Carlos D. Conde

International Political Journalist and Banker

and 1955 Graduate of San Benito High School

A message from Carlos D. Conde to the students of Berta Cabaza Middle School:

Success is relative. It has no common definition. It reveals itself in many ways with no set parameters. Bill Gates is hugely successful if you measure only money. Dennis Rodman is a successful basketball flake. Wasn't it Woody Allen who said that fifty percent of success is showing up. Even serving time can be termed successful when they turn you loose. That's why I have never really dwelled on the yardsticks for success and to their credit, my parents never tried to predestine achievement. They stressed to me only the value of an education; that one can lose all of his worthy possessions but an education is his to keep for life. Without realizing it, they taught me to look at life with the philosophy of not "why", but "why not."

So I set out to be truthful to myself early in life. I knew that I wanted to be a writer. I was fascinated by people, the sense of knowledge and the power and beauty of words. I still am. To paraphrase Will Rogers I never met a person I found boring. If you listen, everyone has a story. All this served me well later in my careers in journalism, public service and international afffairs.

I was fortunate to grow up in a town like San Benito, during a transitional period that went from a highly segregated community to the homogeneous society it is today.

Carlos and President Richard M. Nixon apon his appointment to

For me there was no better sociological laboratory in which to learn and it served me well in forging my career. I learned about bigotry, compassion, loyalty, tolerance, discipline and tenacity. Another advantage which I had and did not realize at that time was my Mexican-American heritage. It went from what for many of us was self-inflicted disparagement to belated appreciation. We finally realized we had a language, we had a culture and we had a great ethnic tradition. Believe me, this served me to great advantage during my career in this country and later in Latin America.

Finally, there were my tutors, from the Catholic religious to the public school teachers most of who I can say were color blind and interested only in developing young minds. I learned from them that "i" is before "e" except after "c" and a "dear" is not a "deer". They helped make it one of the happiest experiences of my life.

Want some advice. Knowledge is the great arbitrator in life. No one has the exclusive franchise on it. It belongs to all. Get it, use it and the rewards follow. And you can take that to the bank. Carlos D. Conde

----Carlos is a man I've admired for over thirty-five years and who's been a role model for me since I was a child. I've watched, listened and learned from him, his life and career and have been the better for having know him and his family, his roots, his hometown. Carlos is the younger son of Mr. & Mrs. Juan (Maria Margarita Danache) Conde of San Benito---Sandra Longoria Tumberlinson


At San Benito High School

Carlos D. Conde yearbook photo


Catholic, Public Schools, San Benito

The University of Texas, (Austin), BA-Journalism, 1960

Universidad Mayor de San Marcos, Lima, Peru, 1965-66, Inter-American Press Association Scholar (Time Magazine); Studies: Political Science, Sociology Management & Development School for Government Executives, School of Agriculture, 1971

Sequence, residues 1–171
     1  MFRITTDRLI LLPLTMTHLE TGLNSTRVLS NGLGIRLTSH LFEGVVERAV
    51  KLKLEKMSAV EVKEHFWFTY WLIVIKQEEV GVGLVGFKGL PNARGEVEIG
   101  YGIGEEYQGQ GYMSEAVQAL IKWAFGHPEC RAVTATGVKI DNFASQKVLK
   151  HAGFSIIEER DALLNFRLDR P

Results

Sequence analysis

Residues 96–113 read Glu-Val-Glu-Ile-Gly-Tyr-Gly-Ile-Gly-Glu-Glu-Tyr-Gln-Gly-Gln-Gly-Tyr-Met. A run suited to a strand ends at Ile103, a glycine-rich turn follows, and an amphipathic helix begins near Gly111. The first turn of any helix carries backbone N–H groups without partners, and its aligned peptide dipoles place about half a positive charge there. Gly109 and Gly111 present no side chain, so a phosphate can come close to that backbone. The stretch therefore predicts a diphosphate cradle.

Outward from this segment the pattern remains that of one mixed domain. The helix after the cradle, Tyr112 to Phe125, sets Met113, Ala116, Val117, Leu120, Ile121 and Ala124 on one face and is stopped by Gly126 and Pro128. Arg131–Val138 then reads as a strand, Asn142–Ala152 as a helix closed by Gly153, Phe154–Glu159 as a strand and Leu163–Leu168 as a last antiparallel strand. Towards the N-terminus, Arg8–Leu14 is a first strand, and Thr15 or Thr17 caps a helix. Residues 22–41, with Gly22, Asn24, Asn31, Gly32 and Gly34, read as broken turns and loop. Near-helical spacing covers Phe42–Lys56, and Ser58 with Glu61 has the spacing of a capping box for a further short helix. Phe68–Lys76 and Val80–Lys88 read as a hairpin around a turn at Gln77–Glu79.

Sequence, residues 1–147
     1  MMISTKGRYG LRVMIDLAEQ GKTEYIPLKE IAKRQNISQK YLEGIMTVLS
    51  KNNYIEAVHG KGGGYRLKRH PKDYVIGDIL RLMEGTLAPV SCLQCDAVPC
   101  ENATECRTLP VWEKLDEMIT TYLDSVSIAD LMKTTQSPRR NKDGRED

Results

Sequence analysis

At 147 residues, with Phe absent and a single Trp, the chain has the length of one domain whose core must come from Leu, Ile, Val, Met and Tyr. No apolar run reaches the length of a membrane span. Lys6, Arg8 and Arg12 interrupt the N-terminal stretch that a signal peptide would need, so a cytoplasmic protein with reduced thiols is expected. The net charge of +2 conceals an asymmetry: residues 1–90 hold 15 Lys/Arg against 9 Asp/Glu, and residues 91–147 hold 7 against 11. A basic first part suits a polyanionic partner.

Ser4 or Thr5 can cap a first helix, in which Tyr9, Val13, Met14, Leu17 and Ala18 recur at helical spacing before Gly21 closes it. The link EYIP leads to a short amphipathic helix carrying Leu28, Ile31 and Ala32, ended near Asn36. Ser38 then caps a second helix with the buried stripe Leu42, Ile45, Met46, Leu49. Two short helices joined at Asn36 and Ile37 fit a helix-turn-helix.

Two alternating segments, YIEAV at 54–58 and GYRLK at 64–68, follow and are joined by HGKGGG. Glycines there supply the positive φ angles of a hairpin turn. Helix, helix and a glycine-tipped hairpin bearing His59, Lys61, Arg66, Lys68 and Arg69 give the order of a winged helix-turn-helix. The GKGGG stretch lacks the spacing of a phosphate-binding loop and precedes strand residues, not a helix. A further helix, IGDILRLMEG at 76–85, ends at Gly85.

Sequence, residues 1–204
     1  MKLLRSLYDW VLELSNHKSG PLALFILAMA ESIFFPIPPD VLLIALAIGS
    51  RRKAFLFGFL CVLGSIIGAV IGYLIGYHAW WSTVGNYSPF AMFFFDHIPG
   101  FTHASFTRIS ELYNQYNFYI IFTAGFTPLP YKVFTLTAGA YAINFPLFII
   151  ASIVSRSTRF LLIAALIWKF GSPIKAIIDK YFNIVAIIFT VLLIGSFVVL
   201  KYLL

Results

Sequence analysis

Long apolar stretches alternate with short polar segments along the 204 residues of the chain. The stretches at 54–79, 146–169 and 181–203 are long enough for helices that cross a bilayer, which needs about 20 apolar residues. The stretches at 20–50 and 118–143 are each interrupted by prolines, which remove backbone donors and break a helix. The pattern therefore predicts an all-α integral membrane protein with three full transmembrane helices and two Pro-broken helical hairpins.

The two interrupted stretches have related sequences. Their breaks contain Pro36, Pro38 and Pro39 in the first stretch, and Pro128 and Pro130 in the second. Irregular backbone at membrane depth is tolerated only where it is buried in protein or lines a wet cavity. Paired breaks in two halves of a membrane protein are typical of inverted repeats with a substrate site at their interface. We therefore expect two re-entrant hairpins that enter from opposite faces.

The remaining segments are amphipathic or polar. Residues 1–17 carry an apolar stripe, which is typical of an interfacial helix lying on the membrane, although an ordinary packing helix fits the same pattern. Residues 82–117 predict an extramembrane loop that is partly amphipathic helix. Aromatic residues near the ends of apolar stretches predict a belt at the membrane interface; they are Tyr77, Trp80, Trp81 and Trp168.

American University, Washington, D.C. 1976, Graduate Studies, International Banking Innovative Leadership Training, Center for Creative Leadership, Williamsburg, Va., 1994



Public Affairs; Journalism; Development Banking, Caribbean, Latin America; Project Management; Consulting Socio-Economic and Political Affairs, Latin America


Journalism students are, left to right, bottom row, Allan Hayse, Lee Ellen Carter, Julia Gardner, Joyce Halbert, Mary Louise Graham, and Beatrice Villarreal; top row, Marcelino Marin, Rose Mary Stratton, Mrs. Ruth McAnally, sponsor, Maridel McIntosh, Mary Alice Neely and Carlos D. Conde.

Even in high school, Carlos knew he wanted to be a writer. Left to right, Sallyn Hindman, Maridel McIntosh, Kay Lake, and Carlso D. Conde.

Mary Jean Gause gets crowned Homecoming Queen by Carlos D. Conde, Lettermen Club president.

Work Experience

IDB, Deputy Representative, Nassau, Bahamas, 1989-1995. Managed Project Specialists, $200 Million Loan Portfolio

IDB, Chief, Regional Information Activities, IDB, Lima, Peru, 1978-88. Information Affairs, Traveled, Worked in 8 South American Countries

IDB, Chief of Information, Washington, D.C., 1973-78

The White House, Staff Assistant, 1972-73, Hispanic Affairs, Office of Communications

U.S. Commission of Civil Rights, Director of Information, 1971

President's Cabinet Committee on Hispanic Affairs, 1970, Director of Information

Houston Chronicle, 1968-69, General Assignments, Hispanic Affairs

Foreign Correspondent, CNS, 1966 Latin American Affairs

Post-Graduate Studies Abroad, (see above), 1965

The Dallas Morning News, 1961-64, General Assignments, Hispanic Affairs

The Associated Press, 1961, Austin Bureau, General Assingments


Awards & Honors

Nomination, Pulitzer Prize, 1968, The Houston Chronicle, The Hyphenated Americans, Series on Mexican-Americans in Texas and Their Problems and Challenges.

Ring of Truth Award, 1967, Copley Newspapers, Best Foreign Feature, Venezuela

Dealey Award, Dallas Morning News, Feature Writing, 1962, "Boy in Coma"

Headliners Club Team Award, Dallas Morning News, 1963, Billy Sol Estes Scandal

AP (Co-) Award, Spot News, Dallas Morning News, 1961, Plane Hijacking, El Paso

Nomination, Outstanding Young Men of Texas 1970




Carlos D. Conde, Senior Favorite